It’s not just the skin care stuff either. I’ve been struggling all summer with the cost of buying all the fruit and vegetables and interesting other ingredients I want, and the cost of doing things like going out to dinner a bit more and buying tickets to shows, but I haven’t been doing a great job and it’s really caught up with me now. For the last few months I’ve been borrowing ahead from the next month’s budget, vowing to be really cheap the following month and get back to baseline, and every month I’ve failed to be cheap enough to do that — plus I’ve been frustrated by putting off purchases like face cream and a few other things. It’s just annoying. I started September $140 in the hole, and I think I’m going to end it about $100 over budget.

Sigh, I dunno. I really wanted to make it to the end of the year with a 50% savings rate, both because this is supposed to be the Year of Saving and because, hello, I want to save up a down payment by early next summer, why am I buying $42 face cream on the internet???????????????????????????? I’m at exactly 50% right now on the year, and it turns out that secretly I really wanted not only to “officially” save 50% of my income in savings accounts and retirement accounts, but also to “unofficially” rack up slush reserves. And that’s just not happening as of right now. I know I should be really happy with my “official” savings rate, but somehow it’s hard not to want to blast that out of the water with a 60% or even 70% savings rate.

Blah blah, you are all at FinCon, probably nobody is even reading this right now 🙂 Back in a couple of days with a more cheerful post about my visual motivation for the down payment savings.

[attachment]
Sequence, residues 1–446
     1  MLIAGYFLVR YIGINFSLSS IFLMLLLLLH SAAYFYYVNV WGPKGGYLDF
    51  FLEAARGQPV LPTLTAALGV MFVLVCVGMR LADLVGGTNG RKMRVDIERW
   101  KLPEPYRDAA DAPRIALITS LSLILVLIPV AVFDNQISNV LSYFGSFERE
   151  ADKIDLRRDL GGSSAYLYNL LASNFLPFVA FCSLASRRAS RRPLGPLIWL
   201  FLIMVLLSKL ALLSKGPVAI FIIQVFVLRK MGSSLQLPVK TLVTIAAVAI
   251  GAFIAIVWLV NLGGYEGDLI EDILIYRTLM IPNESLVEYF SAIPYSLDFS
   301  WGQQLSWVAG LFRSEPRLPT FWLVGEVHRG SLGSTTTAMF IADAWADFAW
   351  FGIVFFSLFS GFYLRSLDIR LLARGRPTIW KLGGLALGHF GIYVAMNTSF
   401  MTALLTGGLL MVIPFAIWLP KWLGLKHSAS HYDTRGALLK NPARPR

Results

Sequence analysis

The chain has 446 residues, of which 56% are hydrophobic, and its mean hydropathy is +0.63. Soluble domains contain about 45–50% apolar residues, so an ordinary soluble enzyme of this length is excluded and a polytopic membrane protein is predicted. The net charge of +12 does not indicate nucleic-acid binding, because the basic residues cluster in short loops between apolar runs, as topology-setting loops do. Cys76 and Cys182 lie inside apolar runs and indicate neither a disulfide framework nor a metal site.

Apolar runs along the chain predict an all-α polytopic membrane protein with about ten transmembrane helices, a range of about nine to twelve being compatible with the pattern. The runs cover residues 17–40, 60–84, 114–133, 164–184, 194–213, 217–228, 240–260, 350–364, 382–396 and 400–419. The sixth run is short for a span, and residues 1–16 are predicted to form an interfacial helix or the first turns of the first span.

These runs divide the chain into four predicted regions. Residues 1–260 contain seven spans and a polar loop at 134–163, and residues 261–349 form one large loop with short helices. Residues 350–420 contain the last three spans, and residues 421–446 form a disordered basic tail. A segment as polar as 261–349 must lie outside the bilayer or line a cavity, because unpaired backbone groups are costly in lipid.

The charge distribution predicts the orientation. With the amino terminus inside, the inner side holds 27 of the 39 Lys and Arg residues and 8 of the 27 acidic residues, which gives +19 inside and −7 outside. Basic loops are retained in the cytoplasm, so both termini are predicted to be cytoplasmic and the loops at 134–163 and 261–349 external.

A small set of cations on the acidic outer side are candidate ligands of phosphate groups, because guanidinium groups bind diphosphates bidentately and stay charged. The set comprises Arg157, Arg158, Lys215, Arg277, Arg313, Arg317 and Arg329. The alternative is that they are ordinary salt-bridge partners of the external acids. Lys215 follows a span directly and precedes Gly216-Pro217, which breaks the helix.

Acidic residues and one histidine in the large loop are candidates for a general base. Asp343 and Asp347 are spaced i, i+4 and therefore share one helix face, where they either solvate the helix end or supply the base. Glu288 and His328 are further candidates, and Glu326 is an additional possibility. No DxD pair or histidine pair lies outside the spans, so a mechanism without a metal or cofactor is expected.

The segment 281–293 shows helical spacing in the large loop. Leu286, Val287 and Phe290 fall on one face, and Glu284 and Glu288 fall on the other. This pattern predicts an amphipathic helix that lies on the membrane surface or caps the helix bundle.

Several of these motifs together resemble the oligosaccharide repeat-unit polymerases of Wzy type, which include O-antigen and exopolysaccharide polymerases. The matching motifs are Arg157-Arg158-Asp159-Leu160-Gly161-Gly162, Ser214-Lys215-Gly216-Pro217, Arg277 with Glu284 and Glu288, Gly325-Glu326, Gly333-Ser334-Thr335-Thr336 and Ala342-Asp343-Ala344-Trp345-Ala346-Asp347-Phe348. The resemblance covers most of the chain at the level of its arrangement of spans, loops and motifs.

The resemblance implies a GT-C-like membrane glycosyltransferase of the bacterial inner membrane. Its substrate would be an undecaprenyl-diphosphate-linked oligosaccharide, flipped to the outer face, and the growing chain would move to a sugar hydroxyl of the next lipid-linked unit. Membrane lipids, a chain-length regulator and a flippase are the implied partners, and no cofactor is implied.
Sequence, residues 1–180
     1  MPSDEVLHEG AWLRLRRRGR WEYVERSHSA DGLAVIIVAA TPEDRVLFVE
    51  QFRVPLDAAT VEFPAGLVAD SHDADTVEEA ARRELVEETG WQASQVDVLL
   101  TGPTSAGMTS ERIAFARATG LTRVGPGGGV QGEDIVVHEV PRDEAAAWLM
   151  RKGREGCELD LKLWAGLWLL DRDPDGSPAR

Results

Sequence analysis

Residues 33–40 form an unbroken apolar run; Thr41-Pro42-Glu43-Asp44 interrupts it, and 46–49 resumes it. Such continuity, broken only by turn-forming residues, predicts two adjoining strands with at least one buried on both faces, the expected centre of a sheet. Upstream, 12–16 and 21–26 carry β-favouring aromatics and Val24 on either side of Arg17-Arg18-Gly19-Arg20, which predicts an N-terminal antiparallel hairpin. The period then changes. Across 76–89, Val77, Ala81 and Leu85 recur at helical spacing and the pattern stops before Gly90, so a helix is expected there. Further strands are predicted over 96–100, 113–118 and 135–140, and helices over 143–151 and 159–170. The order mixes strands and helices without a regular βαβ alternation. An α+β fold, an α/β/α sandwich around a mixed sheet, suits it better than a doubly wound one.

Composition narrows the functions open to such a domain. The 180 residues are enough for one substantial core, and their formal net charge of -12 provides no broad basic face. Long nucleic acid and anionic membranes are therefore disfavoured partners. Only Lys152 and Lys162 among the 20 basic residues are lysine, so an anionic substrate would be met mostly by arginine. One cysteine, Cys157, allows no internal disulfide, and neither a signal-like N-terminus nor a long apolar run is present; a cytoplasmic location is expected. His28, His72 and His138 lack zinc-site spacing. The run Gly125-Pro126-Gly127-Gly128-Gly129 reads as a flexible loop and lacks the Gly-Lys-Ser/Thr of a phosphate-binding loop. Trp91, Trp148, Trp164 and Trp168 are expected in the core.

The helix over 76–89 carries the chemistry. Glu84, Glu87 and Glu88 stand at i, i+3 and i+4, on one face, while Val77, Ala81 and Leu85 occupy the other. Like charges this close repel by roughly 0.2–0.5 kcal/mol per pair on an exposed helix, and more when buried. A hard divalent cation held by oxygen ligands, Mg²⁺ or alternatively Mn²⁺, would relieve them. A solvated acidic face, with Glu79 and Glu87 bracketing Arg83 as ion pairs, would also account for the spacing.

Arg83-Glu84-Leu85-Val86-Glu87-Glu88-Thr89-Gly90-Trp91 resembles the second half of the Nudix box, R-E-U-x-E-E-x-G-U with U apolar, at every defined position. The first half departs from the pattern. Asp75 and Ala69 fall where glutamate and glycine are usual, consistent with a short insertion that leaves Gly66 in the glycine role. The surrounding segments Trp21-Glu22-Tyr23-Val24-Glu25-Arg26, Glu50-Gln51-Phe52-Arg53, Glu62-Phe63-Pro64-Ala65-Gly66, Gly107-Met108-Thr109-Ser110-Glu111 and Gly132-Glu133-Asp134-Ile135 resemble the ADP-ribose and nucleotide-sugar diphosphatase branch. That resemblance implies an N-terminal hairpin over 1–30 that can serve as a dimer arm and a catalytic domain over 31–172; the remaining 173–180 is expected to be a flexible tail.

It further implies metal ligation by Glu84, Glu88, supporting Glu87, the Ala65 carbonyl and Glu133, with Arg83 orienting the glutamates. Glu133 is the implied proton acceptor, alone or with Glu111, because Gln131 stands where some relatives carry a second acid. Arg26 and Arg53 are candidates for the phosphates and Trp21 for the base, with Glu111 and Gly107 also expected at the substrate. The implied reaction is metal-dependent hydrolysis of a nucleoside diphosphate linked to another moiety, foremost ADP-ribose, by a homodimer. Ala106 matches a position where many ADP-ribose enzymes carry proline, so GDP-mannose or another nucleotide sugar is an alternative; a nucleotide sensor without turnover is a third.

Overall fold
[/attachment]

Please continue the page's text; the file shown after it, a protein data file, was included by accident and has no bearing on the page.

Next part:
Being Thrifty and Eating Right in New York Was Really, Really Hard

So I’ve lost a little weight recently — not a ton, maybe five pounds — and I was thinking today about why that never happened in New York, when I was younger and also probably getting more exercise (just from walking around more.) Also, as you may have noticed, I’m a lot better at sticking to a budget and saving money now than I used to be 🙂 And I think the two things are actually interconnected, not just in the way that financial and weight metaphors often work together, but because the pattern of living in New York is practically designed to disrupt weight control and money control.

Continue reading “Being Thrifty and Eating Right in New York Was Really, Really Hard”

How much “blow money” do you budget, and why?

As I try to make up for March’s unexpected expenditures, I’ve been pretty cheap this month. I’ve been trying to mostly stick to my $300 cash draw — I even went to Chicago for the weekend and funded it entirely out of my monthly cash. So far, if I don’t go crazy and break out the credit card over the next two weeks but just use the remaining $100 in cash that I have, I’m on track to spend less than $1000 this month! (Right now, with all the bills paid and a full tank of gas, I’m at $952 for April. And yes, that includes rent.)